Twenty years ago, I found a photo of a powerful four-figure sculpture, "Emergence of Clowns," by Native American artist Roxanne Swentzell.
It fascinates me: the photo moved from my refrigerator to my altar and back...
Four jesters, naked and unadorned except for tasseled hair, are in various poses;
each has a different gaze/perspective. While searching, each feels content in their physical bodies,
with both an inner secret and a wry sense of humor. I made faint photocopies and began drawing on top
of them, giving the figures bright clothing and decorating their bodies with my own "tribal" symbols.
I created drawing after drawing; the more I worked, the more I began to feel myself drawn spiritually
and emotionally inside. I found myself wanting to become each of them, to know what they know,
to inhabit their bodies and see out of their eyes. On top of faint prints of naked photos of MYSELF in each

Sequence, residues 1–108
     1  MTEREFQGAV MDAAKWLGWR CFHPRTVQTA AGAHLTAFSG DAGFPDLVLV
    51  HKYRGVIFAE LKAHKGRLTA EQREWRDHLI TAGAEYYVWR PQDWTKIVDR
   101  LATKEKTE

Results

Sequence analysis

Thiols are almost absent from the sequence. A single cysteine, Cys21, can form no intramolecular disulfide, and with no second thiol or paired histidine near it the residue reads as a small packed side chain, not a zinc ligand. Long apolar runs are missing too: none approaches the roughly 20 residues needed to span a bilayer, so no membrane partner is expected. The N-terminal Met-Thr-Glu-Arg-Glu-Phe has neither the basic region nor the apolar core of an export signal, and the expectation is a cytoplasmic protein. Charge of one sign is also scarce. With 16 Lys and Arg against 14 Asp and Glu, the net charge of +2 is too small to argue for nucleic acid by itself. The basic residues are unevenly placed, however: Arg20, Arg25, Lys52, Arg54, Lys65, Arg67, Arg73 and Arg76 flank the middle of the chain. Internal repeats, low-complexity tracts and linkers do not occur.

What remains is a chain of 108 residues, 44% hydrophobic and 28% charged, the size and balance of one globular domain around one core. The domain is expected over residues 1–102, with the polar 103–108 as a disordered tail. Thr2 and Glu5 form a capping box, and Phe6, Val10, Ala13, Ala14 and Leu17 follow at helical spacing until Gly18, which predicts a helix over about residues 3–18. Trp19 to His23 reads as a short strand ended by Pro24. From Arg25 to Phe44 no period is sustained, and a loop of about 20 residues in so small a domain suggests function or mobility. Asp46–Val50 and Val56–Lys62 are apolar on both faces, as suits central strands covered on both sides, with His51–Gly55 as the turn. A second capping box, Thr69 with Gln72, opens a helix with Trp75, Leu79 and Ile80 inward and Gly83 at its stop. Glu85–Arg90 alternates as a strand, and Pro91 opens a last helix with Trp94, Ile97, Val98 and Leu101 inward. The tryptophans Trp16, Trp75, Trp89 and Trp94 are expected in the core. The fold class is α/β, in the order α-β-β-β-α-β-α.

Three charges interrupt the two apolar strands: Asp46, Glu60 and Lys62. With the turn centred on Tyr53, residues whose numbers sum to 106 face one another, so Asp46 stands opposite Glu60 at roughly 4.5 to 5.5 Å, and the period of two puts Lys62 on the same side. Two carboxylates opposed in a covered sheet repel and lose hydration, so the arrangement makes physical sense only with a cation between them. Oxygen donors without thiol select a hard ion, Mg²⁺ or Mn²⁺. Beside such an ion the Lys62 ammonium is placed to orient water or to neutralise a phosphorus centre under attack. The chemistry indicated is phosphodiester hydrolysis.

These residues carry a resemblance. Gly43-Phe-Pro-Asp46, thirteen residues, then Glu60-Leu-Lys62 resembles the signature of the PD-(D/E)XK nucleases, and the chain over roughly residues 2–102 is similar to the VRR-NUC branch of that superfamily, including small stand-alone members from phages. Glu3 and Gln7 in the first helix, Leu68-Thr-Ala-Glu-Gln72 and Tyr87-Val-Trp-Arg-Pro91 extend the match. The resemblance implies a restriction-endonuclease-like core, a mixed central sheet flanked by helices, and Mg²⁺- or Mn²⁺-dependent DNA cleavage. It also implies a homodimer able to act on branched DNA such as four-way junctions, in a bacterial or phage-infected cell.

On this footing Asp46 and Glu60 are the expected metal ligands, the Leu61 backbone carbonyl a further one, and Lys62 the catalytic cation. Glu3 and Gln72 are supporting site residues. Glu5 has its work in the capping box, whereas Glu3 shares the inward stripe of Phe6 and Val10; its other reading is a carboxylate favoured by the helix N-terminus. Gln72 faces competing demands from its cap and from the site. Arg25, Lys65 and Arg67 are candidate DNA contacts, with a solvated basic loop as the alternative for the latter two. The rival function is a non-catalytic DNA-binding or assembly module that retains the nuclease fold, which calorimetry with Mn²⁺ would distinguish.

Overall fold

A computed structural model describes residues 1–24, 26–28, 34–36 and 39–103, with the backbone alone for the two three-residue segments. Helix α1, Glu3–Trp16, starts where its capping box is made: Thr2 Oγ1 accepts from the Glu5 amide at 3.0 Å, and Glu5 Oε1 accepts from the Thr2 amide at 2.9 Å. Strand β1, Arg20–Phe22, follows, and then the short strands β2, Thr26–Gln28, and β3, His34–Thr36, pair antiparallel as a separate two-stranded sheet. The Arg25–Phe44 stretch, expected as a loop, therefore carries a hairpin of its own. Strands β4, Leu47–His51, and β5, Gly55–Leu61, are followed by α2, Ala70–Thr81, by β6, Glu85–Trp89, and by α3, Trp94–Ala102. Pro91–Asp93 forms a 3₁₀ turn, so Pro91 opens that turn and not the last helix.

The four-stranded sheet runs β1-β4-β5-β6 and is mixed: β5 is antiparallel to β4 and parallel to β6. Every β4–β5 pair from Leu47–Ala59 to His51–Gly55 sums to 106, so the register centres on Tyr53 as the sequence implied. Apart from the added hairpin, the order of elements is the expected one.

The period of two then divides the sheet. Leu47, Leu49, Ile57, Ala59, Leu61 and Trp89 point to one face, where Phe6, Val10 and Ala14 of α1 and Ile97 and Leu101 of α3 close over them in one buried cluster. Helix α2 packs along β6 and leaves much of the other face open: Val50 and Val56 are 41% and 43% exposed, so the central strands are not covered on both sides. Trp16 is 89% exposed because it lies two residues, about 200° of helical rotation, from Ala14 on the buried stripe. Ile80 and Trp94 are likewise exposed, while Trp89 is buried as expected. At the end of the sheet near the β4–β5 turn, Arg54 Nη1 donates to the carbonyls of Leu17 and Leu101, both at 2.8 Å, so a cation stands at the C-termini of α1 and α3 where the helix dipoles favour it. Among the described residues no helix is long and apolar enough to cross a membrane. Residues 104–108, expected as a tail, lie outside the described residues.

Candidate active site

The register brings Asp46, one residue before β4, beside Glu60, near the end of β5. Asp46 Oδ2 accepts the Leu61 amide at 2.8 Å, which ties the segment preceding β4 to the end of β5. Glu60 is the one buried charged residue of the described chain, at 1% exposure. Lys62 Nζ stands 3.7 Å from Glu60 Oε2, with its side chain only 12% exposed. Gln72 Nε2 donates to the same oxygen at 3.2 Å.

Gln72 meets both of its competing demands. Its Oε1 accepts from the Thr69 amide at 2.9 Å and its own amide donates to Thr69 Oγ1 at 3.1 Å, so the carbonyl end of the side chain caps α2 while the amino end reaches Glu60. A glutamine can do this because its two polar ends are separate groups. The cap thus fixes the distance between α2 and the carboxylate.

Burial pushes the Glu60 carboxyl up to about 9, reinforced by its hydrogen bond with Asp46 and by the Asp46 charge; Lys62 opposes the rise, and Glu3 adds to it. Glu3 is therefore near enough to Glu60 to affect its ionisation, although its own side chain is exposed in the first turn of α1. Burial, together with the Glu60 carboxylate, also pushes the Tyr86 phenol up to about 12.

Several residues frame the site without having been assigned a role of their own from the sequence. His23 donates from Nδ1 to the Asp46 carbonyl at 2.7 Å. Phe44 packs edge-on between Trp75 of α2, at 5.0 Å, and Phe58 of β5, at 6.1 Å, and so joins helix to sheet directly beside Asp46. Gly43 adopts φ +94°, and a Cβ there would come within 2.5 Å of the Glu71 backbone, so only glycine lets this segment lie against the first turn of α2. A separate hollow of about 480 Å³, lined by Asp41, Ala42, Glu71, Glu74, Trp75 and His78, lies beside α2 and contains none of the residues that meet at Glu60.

pose, I began to draw -- and what you see is the result.
I used to be an actress, and one of the ways I learned to create a character was by imagining
my own body inside of a particular painting or sculpture, then creating a character from that physical
experience. A threat to the life of a loved one during 2000 was the personal crisis that inspired my
visual art. Suddenly I began carving what I now call "Sacred Staffs" from the trunks and roots of trees
(imagine what Moses or a shaman would carry). With seemingly no conscious effort on my part,
animal-like creatures appeared. This series of self-portraits is my first foray into drawing and portraiture.
I was immersed in the sculpture I mention above. I couldn't stop myself -- it became like an obsession.
I wanted to know what it would be like to be inside the sculpture -- so I drew myself there.
As an artist I strive at all times to follow my impulses -- to let Spirit and intuition guide me.
My task is to get out of the way.


(c) 2009 Zelda Arts Management Organization